Hindu Temple Plans Uncertain

Times Staff Writer

It was proposed as the largest Hindu temple and cultural center in Southern California, an ornate structure with the kind of religious status held by the Crystal Cathedral in Garden Grove and the Cathedral of Our Lady of the Angels in downtown Los Angeles.

But when a nonprofit Hindu organization selected Chino Hills farmland for the project, residents in this wealthy bedroom community of San Bernardino County protested vehemently, saying it would generate too much traffic, ruin the city’s rural atmosphere and become an unwanted regional attraction.

Objections also surfaced from opponents who said the project would turn Chino Hills into a “Third World city” and a haven for terrorists. One petition to stop the project said the temple would play a role in “changing the city’s demographics forever.”


Now, three weeks after the Chino Hills City Council blocked the project by refusing to allow the temple’s spires to exceed the city’s height limit, local Hindu leaders are struggling to decide whether to fight the decision in court or continue their four-year search for a home base for Southern California’s burgeoning Hindu population.

“Our issue was very clear: We would like to be an asset to the community,” said Govind Vaghashia, a spokesman for the project proponent, Bochasanwasi Shree Akshar Purushottam Swaminarayan Sanstha, a Hindu branch commonly known as BAPS.

Adam Eliason, chairman of the city’s Planning Commission, supported the Hindu project, calling it an asset to the city. “It’s a beautiful building with wonderful landscaping and water features,” he said.

Hindu leaders say the project is significant not just for Chino Hills residents but for Southern California’s growing Hindu population, which hopes for a grand, beautifully sculptured temple that would celebrate the history and culture of the religion. They said many BAPS Hindus now worship at a converted union hall in Whittier.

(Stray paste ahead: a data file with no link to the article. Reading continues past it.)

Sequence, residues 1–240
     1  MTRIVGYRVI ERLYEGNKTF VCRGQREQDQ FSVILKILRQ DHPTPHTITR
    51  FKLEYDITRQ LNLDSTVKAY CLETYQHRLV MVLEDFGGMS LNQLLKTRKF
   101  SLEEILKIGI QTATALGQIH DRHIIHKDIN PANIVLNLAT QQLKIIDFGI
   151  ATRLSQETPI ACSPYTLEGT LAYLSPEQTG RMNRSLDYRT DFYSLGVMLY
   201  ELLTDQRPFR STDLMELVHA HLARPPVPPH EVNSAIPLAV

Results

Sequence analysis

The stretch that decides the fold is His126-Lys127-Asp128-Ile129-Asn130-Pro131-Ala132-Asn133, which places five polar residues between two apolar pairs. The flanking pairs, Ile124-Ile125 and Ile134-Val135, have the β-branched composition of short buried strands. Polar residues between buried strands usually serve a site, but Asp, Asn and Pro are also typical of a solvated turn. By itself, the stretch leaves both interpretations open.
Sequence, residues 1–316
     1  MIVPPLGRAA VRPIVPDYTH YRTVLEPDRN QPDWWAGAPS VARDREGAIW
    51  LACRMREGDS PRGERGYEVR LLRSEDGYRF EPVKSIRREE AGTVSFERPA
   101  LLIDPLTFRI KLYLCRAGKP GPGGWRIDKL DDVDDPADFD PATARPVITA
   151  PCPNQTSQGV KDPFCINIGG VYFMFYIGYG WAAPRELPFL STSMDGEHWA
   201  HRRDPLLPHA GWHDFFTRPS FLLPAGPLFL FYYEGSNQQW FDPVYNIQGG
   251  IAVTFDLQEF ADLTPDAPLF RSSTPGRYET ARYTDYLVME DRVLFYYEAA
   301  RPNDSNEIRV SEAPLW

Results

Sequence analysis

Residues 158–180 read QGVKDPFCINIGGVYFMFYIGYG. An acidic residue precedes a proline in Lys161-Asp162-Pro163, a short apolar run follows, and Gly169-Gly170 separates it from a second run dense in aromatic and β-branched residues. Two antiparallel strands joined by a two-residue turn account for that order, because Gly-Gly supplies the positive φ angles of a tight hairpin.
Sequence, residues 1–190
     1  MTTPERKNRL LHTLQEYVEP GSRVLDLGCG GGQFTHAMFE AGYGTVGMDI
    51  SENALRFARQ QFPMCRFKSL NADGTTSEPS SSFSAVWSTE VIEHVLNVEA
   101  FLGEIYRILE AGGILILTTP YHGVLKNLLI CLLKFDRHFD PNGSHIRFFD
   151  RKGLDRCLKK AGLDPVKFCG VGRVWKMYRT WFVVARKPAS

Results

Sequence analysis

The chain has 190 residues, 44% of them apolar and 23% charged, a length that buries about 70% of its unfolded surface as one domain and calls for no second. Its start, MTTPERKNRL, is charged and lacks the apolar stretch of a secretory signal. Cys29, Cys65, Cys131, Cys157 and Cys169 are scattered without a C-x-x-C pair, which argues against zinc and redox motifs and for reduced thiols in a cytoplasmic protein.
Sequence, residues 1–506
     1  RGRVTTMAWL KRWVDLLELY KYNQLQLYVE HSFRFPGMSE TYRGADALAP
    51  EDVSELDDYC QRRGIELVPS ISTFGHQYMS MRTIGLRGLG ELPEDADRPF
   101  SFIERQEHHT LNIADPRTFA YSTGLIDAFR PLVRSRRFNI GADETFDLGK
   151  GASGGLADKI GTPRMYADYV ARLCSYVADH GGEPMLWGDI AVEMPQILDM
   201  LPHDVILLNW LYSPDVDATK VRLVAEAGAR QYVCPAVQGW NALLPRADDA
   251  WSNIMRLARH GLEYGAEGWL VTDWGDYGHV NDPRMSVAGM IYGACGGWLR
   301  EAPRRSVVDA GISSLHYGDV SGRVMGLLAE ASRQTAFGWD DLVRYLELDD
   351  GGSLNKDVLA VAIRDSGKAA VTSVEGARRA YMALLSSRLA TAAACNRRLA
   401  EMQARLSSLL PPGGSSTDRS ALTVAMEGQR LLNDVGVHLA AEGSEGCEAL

“The Indian population is growing very big in Southern California,” said Nadadur Vardhan, president of the Hindu Temple Society of Southern California, which operates a large temple in Calabasas that serves a different Hindu branch.

Statewide, the number of Indian residents nearly doubled over the last decade to 314,819, keeping California the national leader. Census figures show that of the Asian subgroups in the state, the Indian population shot up the fastest during the 1990s. Experts estimate that nearly 85% of Indians are Hindus.


The Chino Hills temple “would be a matter of pride for most Hindus in Southern California,” said Vinay Lal, an associate professor of South Asian history at UCLA.

The fight over the Hindu temple in Chino Hills is the latest of dozens of skirmishes around the country in recent years over plans to build bigger houses of worship, land use experts say. In August, a 20,000-square-foot Sikh temple opened in San Jose after a 10-year battle with neighbors.

Chino Hills is home to about 500 Hindu families, according to BAPS officials. The 2000 Census estimates that 1,320 of the county’s 7,368 residents of Indian descent live in Chino Hills. But the city has no Hindu temple. Hindu residents must drive to temples in Whittier or Riverside to attend weekly services.

As envisioned, the 164,372-square-foot BAPS facility -- including a temple, a cultural center, two gymnasiums, classrooms and living quarters for swamis -- would have served Hindus throughout the region.

The battle over the temple and cultural center dates to 1989, when BAPS representatives made plans to build the project on a 15-acre parcel near the commercial center of the city. But city officials had plans to build a civic center on the same property. Under a deal negotiated between city and BAPS representatives, BAPS let the city buy the land, and city officials promised to help BAPS find an alternative site in Chino Hills.